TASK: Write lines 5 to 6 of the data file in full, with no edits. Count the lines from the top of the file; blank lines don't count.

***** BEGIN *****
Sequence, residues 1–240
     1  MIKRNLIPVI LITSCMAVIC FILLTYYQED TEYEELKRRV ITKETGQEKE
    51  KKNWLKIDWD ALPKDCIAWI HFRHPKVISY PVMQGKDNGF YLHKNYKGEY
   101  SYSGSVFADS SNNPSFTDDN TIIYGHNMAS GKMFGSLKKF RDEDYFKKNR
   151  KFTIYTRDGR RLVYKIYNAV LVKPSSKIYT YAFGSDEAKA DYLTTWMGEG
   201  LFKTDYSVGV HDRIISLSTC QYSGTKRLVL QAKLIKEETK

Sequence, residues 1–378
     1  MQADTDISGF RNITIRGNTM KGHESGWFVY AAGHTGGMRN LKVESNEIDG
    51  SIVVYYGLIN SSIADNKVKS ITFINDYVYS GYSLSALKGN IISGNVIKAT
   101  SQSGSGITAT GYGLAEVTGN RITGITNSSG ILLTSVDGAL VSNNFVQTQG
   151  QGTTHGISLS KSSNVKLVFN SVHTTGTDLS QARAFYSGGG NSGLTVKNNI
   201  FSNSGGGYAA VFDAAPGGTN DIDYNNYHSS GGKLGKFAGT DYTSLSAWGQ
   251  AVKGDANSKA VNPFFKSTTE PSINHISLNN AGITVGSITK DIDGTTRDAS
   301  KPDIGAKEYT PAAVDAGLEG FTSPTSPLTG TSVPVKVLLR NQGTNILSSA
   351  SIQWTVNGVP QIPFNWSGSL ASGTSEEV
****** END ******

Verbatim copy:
   151  KFTIYTRDGR RLVYKIYNAV LVKPSSKIYT YAFGSDEAKA DYLTTWMGEG
   201  LFKTDYSVGV HDRIISLSTC QYSGTKRLVL QAKLIKEETK